Magical Mystery Tour: A magician and acrobat of the early 20th century, Long Tack Sam spent his life touring the world with his family and performance troupe.
Creating a Magician
Anne Marie Fleming pieces together the fantastic life of her once world-famous great-grandfather, Long Tack Sam
By Laura Mattingly
'In some ways I completely reanimated this life that had completely been lost," says Anne Marie Fleming, writer and director, researcher and animator of The Magical Life of Long Tack Sam, a biographical documentary about her great-grandfather. A magician and world-renowned vaudeville celebrity of the early 20th century, Long Tack Sam had somehow slipped between the crack of the East and West into complete obscurity, until Fleming's documentary proved that some family secrets are worth dredging up.
Fleming spent six years researching and making the documentary, interviewing dozens of relatives, professional acrobats and historians of magic, and eventually taking her journey to China, the birthplace of her great-grandfather.
The film, in form and content, functions as a family scrapbook, or a historical collage that provides fragments of information alongside intriguing holes in the historical record. The Chinese-born Long Tack Sam married an Austrian woman, an unthinkable feat at the time, which their friends refer to as a "great love." Their two beautiful daughters became performers as well, and were often the main attractions of the magician's shows. Many people Fleming interviews can still remember witnessing the family's dazzling feats. But the more people Fleming asks about who her great-grandfather was, what family he was from and where he learned his trade, the more varied answers she receives, causing Fleming to strongly suspect Long Tack Sam of having been perpetually creating and recreating his own history and mythology throughout his life.
Fleming presents the many treasured pieces of her unearthed family history by using comic books, old photos and various techniques of animation, giving the entire film a quirky, tactile quality, a joy to view.
"Originally it was quite serendipitous; I was not intending it to be an animated documentary," says Fleming. "I was looking for footage that I'd heard existed of my great-grandfather's act, and I just couldn't find any, even though I spent years searching for it. But I did start to retrieve all of this archival material, the illustrations, the photographs, and some of the photographs are quite extraordinary, they look so contemporary. And I am an animator; that is my background as well."
Some of the animation technique Fleming uses in the film is experimental, inspired by a film Fleming saw transforming the paintings of artist Jack Shadbull, involving the re-creating of a photo's background, and then repositioning the foreground figures, cutting them out and moving them in the fashion of paper dolls.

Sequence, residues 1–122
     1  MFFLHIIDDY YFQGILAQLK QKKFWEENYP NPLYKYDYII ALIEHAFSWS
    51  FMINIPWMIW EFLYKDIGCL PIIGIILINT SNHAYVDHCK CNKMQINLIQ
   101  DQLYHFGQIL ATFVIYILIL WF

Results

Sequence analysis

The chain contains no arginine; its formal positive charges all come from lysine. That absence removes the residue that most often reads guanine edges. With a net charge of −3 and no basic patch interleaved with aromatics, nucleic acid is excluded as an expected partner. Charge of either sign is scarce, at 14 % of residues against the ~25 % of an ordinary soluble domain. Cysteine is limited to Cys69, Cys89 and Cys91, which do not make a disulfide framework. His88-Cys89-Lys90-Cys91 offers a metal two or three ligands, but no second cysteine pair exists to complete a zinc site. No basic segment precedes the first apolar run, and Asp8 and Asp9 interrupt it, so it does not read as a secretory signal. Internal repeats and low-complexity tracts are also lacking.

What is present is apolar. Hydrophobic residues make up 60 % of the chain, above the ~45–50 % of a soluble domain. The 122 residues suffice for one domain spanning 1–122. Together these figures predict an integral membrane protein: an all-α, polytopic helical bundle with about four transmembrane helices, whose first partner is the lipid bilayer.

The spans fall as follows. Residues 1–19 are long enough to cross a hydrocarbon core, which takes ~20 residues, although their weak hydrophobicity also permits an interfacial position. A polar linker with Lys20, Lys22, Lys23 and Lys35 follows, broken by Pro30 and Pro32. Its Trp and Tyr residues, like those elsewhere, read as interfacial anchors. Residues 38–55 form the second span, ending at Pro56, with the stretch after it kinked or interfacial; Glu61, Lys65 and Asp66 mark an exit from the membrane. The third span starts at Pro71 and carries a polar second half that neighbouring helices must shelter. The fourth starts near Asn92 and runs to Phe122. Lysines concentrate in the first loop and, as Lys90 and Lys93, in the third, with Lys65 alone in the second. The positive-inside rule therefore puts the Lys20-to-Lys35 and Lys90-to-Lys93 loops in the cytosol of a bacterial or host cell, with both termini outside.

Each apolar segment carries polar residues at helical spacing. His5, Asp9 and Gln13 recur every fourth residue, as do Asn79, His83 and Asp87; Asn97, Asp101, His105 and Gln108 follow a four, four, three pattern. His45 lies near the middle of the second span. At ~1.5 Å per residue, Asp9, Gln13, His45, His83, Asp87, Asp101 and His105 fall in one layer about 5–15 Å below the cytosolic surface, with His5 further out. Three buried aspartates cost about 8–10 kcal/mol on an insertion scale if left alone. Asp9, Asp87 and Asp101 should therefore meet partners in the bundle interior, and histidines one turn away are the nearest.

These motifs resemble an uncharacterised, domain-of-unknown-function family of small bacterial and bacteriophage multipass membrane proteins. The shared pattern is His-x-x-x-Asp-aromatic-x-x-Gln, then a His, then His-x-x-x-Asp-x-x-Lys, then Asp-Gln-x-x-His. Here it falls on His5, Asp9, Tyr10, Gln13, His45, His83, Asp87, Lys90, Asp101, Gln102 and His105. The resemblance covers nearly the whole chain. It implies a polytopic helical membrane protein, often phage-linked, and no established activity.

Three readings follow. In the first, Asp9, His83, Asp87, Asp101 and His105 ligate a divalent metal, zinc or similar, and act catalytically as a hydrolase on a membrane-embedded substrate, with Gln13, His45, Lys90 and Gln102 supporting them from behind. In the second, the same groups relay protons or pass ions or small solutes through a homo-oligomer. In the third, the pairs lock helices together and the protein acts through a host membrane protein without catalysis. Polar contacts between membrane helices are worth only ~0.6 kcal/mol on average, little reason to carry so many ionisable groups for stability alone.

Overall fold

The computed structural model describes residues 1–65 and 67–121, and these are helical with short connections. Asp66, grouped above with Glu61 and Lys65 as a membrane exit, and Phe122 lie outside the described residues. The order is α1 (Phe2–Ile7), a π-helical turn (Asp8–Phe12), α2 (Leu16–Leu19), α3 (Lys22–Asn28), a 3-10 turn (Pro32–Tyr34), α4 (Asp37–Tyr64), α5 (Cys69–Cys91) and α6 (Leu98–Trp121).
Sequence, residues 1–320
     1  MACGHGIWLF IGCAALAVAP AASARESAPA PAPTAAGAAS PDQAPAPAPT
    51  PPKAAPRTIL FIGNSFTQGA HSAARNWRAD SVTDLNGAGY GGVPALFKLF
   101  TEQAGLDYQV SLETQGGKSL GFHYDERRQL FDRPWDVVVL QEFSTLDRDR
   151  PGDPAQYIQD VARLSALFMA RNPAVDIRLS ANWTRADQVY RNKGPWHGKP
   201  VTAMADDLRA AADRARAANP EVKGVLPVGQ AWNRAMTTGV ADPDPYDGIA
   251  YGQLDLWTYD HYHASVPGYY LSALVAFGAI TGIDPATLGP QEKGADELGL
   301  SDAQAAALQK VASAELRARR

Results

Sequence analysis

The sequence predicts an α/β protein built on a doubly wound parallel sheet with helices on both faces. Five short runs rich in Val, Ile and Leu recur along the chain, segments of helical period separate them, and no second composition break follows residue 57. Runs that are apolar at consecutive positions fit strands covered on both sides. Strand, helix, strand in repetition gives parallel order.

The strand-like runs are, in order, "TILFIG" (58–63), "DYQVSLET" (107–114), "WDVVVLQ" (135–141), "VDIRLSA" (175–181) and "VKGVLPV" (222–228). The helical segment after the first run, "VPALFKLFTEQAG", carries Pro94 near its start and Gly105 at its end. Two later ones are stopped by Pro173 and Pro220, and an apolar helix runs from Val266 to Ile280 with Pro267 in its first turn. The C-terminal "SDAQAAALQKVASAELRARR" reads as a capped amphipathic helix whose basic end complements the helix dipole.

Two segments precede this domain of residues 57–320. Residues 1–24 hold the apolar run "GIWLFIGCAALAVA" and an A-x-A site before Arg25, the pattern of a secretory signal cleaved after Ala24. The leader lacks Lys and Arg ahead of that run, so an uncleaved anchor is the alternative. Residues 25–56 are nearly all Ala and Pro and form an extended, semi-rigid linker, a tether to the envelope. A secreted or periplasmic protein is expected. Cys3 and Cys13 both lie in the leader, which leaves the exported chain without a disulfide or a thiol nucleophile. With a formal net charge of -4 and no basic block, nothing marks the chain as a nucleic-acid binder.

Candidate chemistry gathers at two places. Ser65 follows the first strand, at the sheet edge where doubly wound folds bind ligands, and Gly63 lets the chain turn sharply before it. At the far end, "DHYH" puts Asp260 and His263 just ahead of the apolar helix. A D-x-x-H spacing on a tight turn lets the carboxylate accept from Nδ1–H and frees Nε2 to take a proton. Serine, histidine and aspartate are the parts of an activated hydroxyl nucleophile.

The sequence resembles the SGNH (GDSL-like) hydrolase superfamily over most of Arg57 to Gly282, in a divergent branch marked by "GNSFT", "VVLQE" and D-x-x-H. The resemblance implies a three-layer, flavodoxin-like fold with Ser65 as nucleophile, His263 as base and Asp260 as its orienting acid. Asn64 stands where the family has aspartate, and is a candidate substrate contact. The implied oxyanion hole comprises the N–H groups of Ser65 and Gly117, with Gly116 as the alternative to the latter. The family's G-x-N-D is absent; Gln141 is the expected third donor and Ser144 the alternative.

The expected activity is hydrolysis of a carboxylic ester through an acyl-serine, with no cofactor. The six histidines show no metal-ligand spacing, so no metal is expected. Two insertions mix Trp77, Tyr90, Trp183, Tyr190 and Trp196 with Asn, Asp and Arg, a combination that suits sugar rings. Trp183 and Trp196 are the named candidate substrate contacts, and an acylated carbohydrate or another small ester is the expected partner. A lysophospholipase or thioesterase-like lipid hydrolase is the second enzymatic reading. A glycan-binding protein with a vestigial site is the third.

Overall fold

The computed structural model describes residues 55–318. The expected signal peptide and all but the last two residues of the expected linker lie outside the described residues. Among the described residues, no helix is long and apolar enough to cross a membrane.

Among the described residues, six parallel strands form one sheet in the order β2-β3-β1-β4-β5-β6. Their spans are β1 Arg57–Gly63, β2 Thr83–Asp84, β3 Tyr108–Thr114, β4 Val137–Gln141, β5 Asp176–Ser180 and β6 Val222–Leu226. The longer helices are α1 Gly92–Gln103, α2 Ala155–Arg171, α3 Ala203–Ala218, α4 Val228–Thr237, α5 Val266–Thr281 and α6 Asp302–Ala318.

"I ended up working with a whole bunch of animators and artists, which I don't usually do," says Fleming. "I usually do all my own stuff, so I ended up with all of these different techniques and all of these different styles, which I think kind of suites the subject matter perfectly. Because what he did was a variety act, and he did do so many different things, and he was changing stuff up all the time. So in fact it's kind of like a circus of visual styles."
The film's hodge-podge of techniques evokes the spirit of her great-grandfather's show. Though a child of the East, Long Tack Sam gained fame in the West among contemporaries such as Houdini with multicultural performances that tended to play up his Eastern mystique.
As an animator, Fleming considers herself to be carrying on the family tradition, likening her great-grandfather's amazing feats of acrobatics and needle swallowing to her own ability to transform the image for the sake of captivating an audience.
"Of course in the end animation really is the legacy of magic, and it's the closest line from me to my great-grandfather, who died the year before I was born. It was magicians and photographers who did the first films. ... So it seems perfect that animation is the magic in the film."
Ultimately the film provides a lesson in the phenomenon of resurrection. To make it, Fleming swam against a tide of language barriers, the passage of time and the sometimes irreparable fragmentation that results from an immigrant experience where each individual embraces the aspects of their old lives that their new home allows while burying others. In the end, Fleming has managed to beautifully reassemble the identity of a man she felt the modern world might benefit from knowing.
The Magical Life of Long Tack Sam will screen as part of the Pacific Rim Film Festival Saturday, Oct. 7, at 7pm (when the filmmaker will also be present) and Monday, Oct. 9, at 4pm at the Del Mar Theater, 1124 Pacific Ave., Santa Cruz.
Send a letter to the editor about this story.